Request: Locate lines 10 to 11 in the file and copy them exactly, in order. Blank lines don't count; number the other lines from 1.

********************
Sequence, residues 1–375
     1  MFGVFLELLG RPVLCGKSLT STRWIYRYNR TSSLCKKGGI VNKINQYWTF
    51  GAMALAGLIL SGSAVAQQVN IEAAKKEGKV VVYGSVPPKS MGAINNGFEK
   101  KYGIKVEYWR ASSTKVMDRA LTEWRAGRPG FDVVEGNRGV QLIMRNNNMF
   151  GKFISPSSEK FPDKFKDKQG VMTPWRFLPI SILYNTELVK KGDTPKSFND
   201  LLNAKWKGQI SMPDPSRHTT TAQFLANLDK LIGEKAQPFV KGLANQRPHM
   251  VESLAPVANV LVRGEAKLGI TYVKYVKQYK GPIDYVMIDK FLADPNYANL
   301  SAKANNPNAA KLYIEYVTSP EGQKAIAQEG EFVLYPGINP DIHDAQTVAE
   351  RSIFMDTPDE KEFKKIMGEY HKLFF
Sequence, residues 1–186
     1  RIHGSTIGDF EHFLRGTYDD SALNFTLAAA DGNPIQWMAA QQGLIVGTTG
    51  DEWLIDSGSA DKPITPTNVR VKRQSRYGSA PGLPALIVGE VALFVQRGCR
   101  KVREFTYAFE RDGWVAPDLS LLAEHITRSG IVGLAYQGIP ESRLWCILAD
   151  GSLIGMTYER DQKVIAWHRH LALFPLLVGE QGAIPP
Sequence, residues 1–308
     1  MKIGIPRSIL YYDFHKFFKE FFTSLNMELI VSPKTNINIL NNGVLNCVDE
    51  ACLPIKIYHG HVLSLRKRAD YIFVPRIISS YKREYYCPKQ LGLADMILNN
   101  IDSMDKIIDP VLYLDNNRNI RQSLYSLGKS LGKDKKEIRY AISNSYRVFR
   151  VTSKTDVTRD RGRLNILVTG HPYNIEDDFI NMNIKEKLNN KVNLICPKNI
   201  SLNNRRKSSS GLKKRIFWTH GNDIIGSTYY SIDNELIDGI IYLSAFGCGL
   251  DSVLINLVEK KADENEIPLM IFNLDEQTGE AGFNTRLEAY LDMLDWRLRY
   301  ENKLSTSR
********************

Sequence, residues 1–186
     1  RIHGSTIGDF EHFLRGTYDD SALNFTLAAA DGNPIQWMAA QQGLIVGTTG